Sherry Medina is a U.S. Department of Agriculture (USDA) inspector who worked for the agency for 16 years. In 2012, she disclosed information to FIC regarding the serious health problems caused by the overuse of chemicals in the poultry processing industry. By making the courageous decision to blow the whistle on Big Ag, Sherry put worker safety hazards associated with the industry’s overreliance on dangerous chemicals under scrutiny and opened the door to further investigations of risks associated with these substances.
Sherry worked in a Tyson Foods plant in Alabama, where she took her job protecting consumers very seriously. But she became unable to complete her duties when she began to experience debilitating symptoms, less than one month after starting work in this plant. Her health problems included respiratory problems, infections, and skin and eye irritation. Coworkers also became ill.
Over the course of her time working at Tyson, Sherry’s persistent health problems dramatically decreased her quality of life. She eventually developed asthma, suffered organ damage and broke two ribs due to extreme coughing. She pushed the company and USDA to improve plant conditions to no avail. In 2011, she had no choice but to leave on disability and apply for early retirement.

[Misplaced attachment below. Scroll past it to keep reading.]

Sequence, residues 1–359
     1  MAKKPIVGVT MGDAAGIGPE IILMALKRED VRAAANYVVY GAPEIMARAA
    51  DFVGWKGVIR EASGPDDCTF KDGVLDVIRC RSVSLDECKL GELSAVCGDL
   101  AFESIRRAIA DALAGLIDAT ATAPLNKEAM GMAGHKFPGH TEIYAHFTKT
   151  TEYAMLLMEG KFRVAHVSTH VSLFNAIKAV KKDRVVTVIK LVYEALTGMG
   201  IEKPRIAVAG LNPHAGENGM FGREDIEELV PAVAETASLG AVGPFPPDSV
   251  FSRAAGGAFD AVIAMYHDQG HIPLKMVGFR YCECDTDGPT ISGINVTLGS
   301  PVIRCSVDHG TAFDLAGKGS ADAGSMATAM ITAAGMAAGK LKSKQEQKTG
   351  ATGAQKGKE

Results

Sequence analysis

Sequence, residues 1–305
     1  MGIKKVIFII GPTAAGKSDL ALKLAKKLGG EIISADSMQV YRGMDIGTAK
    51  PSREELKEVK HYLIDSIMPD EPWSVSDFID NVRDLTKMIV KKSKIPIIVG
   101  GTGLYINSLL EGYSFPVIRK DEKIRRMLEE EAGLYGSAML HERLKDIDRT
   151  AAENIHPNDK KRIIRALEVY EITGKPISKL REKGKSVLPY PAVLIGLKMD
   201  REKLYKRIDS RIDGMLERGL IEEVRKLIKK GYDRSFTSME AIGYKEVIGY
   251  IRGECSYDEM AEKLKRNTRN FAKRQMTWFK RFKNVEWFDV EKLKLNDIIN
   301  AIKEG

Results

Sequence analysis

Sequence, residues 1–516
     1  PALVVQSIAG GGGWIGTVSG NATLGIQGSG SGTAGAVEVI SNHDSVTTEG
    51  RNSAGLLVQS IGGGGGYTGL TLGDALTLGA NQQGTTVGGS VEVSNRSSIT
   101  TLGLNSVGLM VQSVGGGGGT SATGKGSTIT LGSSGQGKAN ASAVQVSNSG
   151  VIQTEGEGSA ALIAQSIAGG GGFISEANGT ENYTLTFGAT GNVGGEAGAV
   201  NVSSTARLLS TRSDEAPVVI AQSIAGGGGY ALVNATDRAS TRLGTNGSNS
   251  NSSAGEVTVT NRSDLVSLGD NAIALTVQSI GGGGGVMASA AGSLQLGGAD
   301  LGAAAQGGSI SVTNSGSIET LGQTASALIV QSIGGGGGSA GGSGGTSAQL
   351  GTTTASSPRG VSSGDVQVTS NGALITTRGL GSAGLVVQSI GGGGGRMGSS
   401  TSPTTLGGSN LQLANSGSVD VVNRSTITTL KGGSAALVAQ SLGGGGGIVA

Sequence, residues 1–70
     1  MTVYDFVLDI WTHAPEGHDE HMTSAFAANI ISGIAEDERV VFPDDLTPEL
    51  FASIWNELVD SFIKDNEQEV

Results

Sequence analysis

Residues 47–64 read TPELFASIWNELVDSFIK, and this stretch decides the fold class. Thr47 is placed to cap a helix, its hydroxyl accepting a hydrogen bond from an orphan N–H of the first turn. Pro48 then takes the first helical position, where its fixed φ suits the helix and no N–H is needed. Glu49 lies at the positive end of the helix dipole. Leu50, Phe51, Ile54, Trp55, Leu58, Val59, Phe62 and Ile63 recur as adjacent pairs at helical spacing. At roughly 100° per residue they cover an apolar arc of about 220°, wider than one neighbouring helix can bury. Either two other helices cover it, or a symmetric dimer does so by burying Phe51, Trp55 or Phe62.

After receiving no help from the plant or USDA, Sherry took matters into her own hands by creating a petition demanding that Tyson protect worker health and safety by stopping its widespread chemical use. She also suggested alternatives to current practices. Her petition gained over 130,000 signatures, and her story has inspired others working in the USDA to come forward and disclose similar complaints to FIC. Moreover, her determination to fight for this cause continues to help others working in the industry who cannot speak out about their concerns due to fear of retaliation.
Sherry is committed to bringing awareness to this issue. Since coming forward, her story has been featured on numerous news outlets (including the Washington Post) and spurred investigations into other problems associated with the overuse of chemicals (such as the masking of food safety data associated with the heavy use of antimicrobial sprays).